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Only 15 sand and gravel mines operational in Punjab

There is an annual demand of around 4 crore metric tonnes of sand and gravel in the state, says Minister of Mines Sukhbinder Singh Sarkaria.

Written by Kanchan Vasdev | Chandigarh | Published: February 14, 2019 8:58:39 am
punjab, punjab mines, punjab sand mining, sand mining in punjab, india news, indian express A non-operational gravel mine on the bank of Sutlej river in Harsa Bela village in Ropar. (Express photo)

Recent heavy rain in the region has resulted in deposition of heavy gravel material in Sutlej river flowing through Harsa Bela village in Ropar. A part of the river bank in this village is a gravel and sand mine.

During this time when the mine would have been abuzz, it is lying silent. It was three months ago when the district administration sealed the mine holding the contractor responsible for digging beyond the stipulated depth. Later, in January, National Green Tribunal also ordered an action against the contractor.

Harsa Bela is not the only mine in Ropar which is non-functional. Of the 13 mines, known for good-quality gravel, auctioned in Ropar, 11 were operational till six months ago. But, currently not a single mine is functioning officially, said an official of the mining department praying anonymity.

Not only in Ropar, most of the sand and gravel mines are not functioning in the entire state. As per the Directorate of Sand Mining, only 15 sand and gravel mines are carrying out operations. These include three mines in Ferozepur — Gatta Badshah, Changali Jadid and Gillanwala — one in Fazilka’s Amir Khas, two in Moga’s Chak Singhpura and Chak Bhora, two in Jalandhar’s Sailkiana and Gag Dagra, two in Ludhiana’s Majara and Rattangarh, Chharbarr in Mohali, Bairsal in Nawanshahar and Balarwal and Rurewal in Amritsar.

Interestingly, the price of the commodity has not skyrocketed. “A truck carrying 700 sqaure feet of sand and gravel each, costs the supplier Rs 4,000 to 5,000 and Rs 10,000 to Rs 12,000 respectively. This is not much,” says a contractor from Gurdaspur, preferring anonymity.

He adds this is not just indicative of illegal mining, but also that there is not much gap between demand and supply. “Illegal mining cannot be stopped. There are crushing units on the banks of rivers. Those who live on the banks of the rivers could mine a truck or two easily every day. At the same time not much construction activity is taking place in the state. About 75 per cent of sand and gravel is used in government’s development works,” says the contractor.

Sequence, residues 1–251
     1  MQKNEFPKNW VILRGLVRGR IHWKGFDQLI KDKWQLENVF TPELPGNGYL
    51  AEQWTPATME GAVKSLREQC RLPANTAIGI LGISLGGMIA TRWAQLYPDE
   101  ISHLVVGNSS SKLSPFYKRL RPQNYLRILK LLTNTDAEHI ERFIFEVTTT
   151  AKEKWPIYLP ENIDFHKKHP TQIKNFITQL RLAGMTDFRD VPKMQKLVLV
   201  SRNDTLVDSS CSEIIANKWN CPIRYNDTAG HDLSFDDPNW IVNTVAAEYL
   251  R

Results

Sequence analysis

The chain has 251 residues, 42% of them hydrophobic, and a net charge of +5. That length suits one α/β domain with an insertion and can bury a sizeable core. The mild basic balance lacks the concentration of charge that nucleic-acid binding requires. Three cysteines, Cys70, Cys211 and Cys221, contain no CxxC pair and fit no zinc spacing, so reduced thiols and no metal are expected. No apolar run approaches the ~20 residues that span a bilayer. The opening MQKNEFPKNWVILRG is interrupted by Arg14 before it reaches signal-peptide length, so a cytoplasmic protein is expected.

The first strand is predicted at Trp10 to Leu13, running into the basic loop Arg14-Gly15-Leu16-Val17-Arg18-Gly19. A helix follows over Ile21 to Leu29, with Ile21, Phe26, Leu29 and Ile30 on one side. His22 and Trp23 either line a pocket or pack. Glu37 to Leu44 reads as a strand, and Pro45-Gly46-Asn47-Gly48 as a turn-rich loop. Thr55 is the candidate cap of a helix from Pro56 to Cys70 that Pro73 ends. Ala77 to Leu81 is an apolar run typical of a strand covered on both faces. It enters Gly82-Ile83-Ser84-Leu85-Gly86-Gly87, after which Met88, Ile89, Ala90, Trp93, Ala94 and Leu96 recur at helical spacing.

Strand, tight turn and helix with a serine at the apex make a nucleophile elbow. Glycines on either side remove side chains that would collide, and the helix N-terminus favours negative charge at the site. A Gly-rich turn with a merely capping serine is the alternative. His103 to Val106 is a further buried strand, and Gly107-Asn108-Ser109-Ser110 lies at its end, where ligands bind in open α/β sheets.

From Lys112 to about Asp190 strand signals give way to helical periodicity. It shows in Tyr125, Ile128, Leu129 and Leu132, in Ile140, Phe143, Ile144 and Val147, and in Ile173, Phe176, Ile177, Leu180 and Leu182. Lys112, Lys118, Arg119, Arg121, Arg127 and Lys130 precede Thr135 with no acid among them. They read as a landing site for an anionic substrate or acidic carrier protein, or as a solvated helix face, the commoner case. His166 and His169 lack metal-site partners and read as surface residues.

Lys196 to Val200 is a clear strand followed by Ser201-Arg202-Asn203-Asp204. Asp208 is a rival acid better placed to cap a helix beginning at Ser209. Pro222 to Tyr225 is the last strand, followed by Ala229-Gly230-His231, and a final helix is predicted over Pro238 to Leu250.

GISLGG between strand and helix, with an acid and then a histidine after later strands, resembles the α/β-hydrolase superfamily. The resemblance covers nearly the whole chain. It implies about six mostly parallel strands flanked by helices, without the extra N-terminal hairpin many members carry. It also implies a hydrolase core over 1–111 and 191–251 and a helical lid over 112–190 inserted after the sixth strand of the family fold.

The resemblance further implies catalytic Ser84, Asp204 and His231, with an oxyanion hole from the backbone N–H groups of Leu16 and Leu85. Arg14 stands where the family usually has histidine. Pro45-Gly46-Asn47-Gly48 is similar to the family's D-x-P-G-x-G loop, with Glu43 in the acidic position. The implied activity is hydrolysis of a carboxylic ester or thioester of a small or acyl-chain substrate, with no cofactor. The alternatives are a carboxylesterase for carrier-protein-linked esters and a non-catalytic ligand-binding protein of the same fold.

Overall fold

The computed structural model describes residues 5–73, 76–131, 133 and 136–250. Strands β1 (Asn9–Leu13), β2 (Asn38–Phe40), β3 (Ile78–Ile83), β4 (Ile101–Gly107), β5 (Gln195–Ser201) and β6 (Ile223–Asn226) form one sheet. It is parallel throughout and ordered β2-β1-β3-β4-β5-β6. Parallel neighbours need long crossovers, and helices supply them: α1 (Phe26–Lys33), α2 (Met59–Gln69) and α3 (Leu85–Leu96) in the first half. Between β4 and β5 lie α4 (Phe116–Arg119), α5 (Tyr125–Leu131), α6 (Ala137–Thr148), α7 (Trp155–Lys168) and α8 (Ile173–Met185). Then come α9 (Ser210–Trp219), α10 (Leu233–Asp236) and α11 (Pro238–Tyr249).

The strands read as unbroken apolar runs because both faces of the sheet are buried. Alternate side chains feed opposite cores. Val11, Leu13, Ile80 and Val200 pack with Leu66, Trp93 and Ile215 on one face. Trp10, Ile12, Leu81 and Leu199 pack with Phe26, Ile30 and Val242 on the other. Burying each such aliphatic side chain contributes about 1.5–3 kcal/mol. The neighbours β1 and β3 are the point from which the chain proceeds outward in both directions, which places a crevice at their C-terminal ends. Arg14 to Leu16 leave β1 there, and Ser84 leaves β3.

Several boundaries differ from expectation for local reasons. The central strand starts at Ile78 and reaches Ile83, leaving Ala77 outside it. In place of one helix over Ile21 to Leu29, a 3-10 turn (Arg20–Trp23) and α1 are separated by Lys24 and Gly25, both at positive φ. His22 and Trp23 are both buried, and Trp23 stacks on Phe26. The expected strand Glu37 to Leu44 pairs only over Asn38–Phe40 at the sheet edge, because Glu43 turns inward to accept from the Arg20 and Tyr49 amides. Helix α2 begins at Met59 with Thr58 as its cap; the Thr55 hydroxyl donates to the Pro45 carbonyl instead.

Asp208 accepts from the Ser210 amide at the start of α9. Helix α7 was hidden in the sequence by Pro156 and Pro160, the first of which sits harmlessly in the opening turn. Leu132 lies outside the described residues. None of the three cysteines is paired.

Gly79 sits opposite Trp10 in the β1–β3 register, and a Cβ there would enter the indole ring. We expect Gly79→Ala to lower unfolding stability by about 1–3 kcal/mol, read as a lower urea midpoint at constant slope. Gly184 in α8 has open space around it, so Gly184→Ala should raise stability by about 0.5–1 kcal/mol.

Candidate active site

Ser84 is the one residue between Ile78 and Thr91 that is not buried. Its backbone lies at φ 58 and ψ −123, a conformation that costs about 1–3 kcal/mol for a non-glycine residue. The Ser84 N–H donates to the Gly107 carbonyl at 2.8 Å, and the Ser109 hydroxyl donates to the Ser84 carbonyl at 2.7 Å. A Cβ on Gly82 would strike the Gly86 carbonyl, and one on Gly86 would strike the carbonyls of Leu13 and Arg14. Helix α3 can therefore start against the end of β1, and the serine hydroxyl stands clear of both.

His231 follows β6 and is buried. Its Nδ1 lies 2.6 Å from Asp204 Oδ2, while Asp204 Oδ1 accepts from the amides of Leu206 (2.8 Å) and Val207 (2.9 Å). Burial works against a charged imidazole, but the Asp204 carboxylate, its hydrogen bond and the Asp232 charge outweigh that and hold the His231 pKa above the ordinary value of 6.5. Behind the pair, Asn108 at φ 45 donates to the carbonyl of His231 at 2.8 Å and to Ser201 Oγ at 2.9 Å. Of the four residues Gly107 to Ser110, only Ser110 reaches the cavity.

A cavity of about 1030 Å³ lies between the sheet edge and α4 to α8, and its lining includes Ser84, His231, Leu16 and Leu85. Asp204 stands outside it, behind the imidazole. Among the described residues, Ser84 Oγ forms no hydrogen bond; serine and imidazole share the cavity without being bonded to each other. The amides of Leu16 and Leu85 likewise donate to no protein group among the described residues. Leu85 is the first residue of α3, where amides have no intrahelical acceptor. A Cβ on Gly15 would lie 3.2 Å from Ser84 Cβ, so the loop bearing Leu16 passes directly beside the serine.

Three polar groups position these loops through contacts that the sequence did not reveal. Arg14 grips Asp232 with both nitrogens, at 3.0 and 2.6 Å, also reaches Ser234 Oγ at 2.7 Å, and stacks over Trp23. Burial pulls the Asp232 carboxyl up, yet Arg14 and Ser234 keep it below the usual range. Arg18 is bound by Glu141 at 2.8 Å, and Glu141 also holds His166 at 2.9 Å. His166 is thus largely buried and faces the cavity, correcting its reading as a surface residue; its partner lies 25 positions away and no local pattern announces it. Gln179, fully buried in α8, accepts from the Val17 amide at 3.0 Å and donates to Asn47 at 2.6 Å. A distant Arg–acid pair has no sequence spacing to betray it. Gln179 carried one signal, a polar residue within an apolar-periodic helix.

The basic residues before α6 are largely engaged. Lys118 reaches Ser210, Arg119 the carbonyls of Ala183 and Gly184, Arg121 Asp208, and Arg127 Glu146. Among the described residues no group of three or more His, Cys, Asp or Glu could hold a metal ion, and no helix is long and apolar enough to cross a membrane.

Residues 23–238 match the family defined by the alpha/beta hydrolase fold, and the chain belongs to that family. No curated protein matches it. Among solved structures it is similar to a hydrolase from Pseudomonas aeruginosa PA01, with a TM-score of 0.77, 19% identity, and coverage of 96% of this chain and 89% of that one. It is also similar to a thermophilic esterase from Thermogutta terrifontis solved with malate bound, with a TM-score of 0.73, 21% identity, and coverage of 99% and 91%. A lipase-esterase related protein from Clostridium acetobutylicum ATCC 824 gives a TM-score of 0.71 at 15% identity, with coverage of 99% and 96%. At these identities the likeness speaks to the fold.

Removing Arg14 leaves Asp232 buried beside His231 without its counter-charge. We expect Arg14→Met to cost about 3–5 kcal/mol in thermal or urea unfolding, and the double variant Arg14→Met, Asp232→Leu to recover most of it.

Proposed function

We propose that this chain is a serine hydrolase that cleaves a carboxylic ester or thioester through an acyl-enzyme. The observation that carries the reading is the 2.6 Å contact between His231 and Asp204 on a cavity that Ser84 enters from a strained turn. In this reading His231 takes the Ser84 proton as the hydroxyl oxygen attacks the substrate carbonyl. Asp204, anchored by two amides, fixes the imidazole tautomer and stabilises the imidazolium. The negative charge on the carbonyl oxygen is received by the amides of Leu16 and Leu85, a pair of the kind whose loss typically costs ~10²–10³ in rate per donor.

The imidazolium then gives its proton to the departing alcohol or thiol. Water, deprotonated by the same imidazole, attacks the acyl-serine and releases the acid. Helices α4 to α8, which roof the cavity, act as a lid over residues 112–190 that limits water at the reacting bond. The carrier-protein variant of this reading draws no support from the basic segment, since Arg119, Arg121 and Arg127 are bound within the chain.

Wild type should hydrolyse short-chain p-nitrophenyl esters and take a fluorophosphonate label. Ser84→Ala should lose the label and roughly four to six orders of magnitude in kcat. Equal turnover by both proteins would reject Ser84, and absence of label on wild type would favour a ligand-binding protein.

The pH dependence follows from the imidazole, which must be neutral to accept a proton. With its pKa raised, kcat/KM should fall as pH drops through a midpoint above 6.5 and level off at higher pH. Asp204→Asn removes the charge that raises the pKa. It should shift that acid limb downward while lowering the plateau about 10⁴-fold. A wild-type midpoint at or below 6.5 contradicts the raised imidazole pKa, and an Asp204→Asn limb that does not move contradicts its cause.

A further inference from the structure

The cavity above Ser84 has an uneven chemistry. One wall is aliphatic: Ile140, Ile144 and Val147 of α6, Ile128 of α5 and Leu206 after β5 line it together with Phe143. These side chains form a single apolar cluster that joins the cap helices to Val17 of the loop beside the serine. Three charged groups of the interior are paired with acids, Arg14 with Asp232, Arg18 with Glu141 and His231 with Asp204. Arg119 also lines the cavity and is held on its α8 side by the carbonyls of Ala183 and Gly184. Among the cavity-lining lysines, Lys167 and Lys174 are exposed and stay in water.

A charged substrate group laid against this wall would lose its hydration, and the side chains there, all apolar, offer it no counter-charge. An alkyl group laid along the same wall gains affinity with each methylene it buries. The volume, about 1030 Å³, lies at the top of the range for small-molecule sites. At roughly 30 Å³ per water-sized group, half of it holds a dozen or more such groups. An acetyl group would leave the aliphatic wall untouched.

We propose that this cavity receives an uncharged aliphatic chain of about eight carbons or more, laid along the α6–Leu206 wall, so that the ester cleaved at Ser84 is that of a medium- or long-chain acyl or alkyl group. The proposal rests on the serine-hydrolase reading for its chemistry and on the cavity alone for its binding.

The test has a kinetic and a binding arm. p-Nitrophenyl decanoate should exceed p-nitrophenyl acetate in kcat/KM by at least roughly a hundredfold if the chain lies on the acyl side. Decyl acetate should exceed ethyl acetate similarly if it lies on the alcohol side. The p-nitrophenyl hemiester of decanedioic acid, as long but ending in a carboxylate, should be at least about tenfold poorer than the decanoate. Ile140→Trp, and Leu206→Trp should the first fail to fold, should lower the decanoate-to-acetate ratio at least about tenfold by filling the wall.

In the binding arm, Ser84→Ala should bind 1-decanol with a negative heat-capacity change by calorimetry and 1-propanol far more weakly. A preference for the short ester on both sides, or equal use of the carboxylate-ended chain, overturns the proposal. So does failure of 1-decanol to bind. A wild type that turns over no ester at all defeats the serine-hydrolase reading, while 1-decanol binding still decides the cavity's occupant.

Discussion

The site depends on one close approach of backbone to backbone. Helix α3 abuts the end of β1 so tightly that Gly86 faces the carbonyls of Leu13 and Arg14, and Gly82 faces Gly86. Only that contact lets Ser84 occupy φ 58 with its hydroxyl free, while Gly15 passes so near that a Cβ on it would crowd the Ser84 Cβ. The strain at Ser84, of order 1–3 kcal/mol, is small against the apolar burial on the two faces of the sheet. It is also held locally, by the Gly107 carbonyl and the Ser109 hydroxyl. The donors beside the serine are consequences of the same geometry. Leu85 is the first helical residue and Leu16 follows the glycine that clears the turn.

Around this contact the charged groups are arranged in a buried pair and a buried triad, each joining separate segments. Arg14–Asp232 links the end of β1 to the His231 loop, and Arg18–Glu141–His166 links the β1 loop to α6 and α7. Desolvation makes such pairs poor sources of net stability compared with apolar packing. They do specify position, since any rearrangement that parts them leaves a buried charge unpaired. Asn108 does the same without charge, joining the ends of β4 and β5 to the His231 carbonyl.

Back in Harsa Bela, a few villagers say the illegal mining was going on till a few days ago, “But now it has rained and it becomes difficult for JCB and poclain machines to enter the riverbed.” They did not want to be identified as the village sarpanch’s husband also has a crushing unit, which is currently sealed.

But the sarpanch’s husband Surjit Singh has his own tale of woes: “If a crushing unit is sealed, this means the owner has to pay at least Rs 6 lakh as installments of trucks and poclains. It is a difficult business,” he says adding that there is no chance of illegal mining.

Minister of Mines Sukhbinder Singh Sarkaria confirms 15 mines are operational, but now they have received environment clearance of a few more. “There is an annual demand of around 4 crore metric tonnes of sand and gravel in the state. This turns out to be 35 lakh tonnes every month. But in winter, the demand goes down to 15 lakh metric tonnes per month as no construction activity is taken up. This is the reason that the prices are usual and not skyrocketing,” he says.

As per the government, the total demand for gravel in Punjab is 2.4 crore metric tonnes, while for sand, the demand is 1.6 crore metric tonnes. With only 15 mines operational, the production is less than 40 lakh metric tonnes.

The government had come on a promise of providing sand at nominal prices, checking illegal mining and earning revenue for the state exchequer. During the current fiscal year, it has not been able to auction a single mine. The 15 currently-operational mines are those auctioned last year.

After taking over, the government had, in its first round of auctions in May 2017, invited bids for 102 mines. At that time 89 received high bids, but 39 bidders never deposited the ecurity amount.

Of the remaining 50, two mines, Mehadipur and Saidpur Khurd in Nawanshahar, were cancelled by the government following Justice J S Narang probe into allotment of mines to the employees of former irrigation minister Rana Gurjit Singh.

Another mine in Behloor Khurd, also linked to the former minister’s employees, is not operational. The government has not given its consent for operations.

In the second round of auctions in July 2017, 43 mines, including those not auctioned in May, were auctioned and only 29 bids were received.

In the third round of auctions, only 12 bidders showed interest in 39 mines. Similar was the case in a fourth round of the exercise in February when only 16 out of 51 mines received bids.

Of a total of 107 allotted in the four different rounds, only 15 are carrying out mining operations as of now.

The government policy of auctioning mines has been challenged in the Punjab and Haryana High Court.

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